A Look into the Life of a Taiwanese Leftist Revolutionary

The Su Beng Memorial Museum

by Brian Hioe

Photo Credit: Brian Hioe

THE SU BENG MEMORIAL MUSEUM is small, occupying the two-floor apartment in Xinzhuang that Su Beng lived in at the time of his death in 2019. The museum may not offer any new insights for those familiar with Su’s life, but the history it displays is still revealing. 

Su Beng, considered one of the significant founding figures of Taiwanese independence, is best known for his four-volume magnum opus, Taiwan’s Four Hundred Year History. Born during the Japanese colonial period as Shih Chao-hui and having converted to left-wing political views while studying abroad in Japan, Su traveled to China to act as a spy for the CCP. 

Publications by Su Beng during his lifetime. Photo credit: Brian Hioe

But after breaking with the CCP, Su returned to Taiwan, where he attempted to organize an assassination attempt on Chiang Kai-shek. When this failed, Su fled to Japan, where he started a noodle shop in Shinjuku, writing about the cause of Taiwanese independence from a left-wing perspective and training many independence activists. By the time that Su died in 2019 at age 100, Su was revered by many contemporary independence advocates—particularly those that saw themselves as advocating for independence on a left-wing basis. 

The museum displays a number of personal artifacts, including the bed that he slept on in his final years, his clothing, and the exercise bike that he used to keep fit even in his nineties. Otherwise, the museum displays some of the originals of Su’s writings, including the many issues of Independent Taiwan that he published, and copies of Taiwan’s Four Hundred Year History. Visitors are allowed to take home bootleg photocopies of Independent Taiwan that were distributed during the authoritarian period.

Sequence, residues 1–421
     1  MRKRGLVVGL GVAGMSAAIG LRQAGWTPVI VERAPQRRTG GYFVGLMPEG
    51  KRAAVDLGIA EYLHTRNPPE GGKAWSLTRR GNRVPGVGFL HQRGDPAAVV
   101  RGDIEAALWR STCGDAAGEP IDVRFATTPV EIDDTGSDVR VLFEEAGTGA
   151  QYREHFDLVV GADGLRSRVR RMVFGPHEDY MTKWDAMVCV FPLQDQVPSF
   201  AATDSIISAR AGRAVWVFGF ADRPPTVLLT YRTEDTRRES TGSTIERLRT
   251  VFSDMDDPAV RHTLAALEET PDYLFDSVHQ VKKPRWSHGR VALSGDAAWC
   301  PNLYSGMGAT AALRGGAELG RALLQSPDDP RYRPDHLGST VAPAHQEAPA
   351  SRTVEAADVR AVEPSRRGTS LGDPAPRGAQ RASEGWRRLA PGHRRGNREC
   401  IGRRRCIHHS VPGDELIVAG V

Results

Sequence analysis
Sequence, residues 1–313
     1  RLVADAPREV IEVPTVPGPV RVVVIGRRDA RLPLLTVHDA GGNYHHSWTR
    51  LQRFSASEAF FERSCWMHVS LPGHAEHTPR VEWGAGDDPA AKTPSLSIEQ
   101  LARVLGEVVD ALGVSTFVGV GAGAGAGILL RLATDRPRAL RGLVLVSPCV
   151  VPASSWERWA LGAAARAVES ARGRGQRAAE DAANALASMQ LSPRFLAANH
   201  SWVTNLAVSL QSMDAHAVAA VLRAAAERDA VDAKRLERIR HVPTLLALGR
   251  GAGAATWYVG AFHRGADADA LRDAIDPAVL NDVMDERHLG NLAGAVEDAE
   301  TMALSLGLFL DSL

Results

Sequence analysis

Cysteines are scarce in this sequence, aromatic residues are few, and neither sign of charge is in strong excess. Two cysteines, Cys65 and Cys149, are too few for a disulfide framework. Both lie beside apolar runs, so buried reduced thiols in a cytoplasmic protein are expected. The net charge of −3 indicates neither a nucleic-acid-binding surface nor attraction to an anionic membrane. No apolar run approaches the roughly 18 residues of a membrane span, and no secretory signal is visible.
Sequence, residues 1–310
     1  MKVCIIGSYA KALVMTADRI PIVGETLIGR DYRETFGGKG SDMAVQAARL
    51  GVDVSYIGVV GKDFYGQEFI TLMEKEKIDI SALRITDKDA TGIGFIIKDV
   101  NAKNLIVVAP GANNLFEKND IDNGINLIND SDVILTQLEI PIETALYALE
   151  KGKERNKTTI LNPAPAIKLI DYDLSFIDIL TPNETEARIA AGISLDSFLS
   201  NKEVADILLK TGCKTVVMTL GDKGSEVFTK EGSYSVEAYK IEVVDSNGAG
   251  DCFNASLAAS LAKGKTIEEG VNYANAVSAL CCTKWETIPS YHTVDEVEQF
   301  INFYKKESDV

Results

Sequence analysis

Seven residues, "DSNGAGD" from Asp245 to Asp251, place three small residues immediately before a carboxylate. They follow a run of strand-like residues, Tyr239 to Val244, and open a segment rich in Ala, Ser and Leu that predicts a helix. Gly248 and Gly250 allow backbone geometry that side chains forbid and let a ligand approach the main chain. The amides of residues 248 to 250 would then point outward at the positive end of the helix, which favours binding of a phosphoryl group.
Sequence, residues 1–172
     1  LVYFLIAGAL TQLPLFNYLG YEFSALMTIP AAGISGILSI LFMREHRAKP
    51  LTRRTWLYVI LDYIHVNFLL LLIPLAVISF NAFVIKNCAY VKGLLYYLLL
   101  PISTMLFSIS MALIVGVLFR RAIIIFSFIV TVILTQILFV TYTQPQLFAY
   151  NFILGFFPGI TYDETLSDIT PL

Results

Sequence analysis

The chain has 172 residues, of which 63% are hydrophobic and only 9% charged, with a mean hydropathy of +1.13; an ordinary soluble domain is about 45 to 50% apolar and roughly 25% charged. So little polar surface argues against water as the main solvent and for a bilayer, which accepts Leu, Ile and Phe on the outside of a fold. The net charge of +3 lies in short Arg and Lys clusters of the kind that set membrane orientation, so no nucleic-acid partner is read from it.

Photocopies of Su Beng’s works. Photo credit: Brian Hioe

Otherwise, the museum features a recreation of the restaurant that Su ran while living in Japan, the New Gourmet in Ikebukuro, and a charming paper model depicting the premises as a whole. Videos shown on displays show Su meeting with younger activists, including those who are politically active today, while the museum also features audio recordings of the speaker trucks that he drove around Taiwan playing political messages using. A quick glance at the list of donors to the museums reveals a who’s who of contemporary Taiwanese activism, including individuals that have since won public office. 

Some of the accompanying text touches upon relatively little discussed chapters in Su’s life, such as Su’s failed attempt to establish an underground radio station that could broadcast to Taiwan in Japan, or when Su ran an instant noodle factory in Japan. That being said, the significance of the museum is less in terms of its description of Su’s life, but the artifacts that it has within it. 

Personal items of Su Beng’s before his death. Photo credit: Brian Hioe

The museum souvenirs are worth remarking on, including reproductions of political banners that Su used, a lego model of Su’s speaker truck, and kaoliang branded with Su’s image—including a flask in the shape of Taiwan’s Four Hundred Year History. The museum proves an accessible place to purchase some of Su’s seminal writings. 

Given the COVID-19 situation, visiting the Su Beng Memorial Museum is limited to appointments, with two hours allowed per group of visitors. This proves ample time to look over the museum, which is presided over by Su’s caretaker in his twilight years, Huang Min-hung.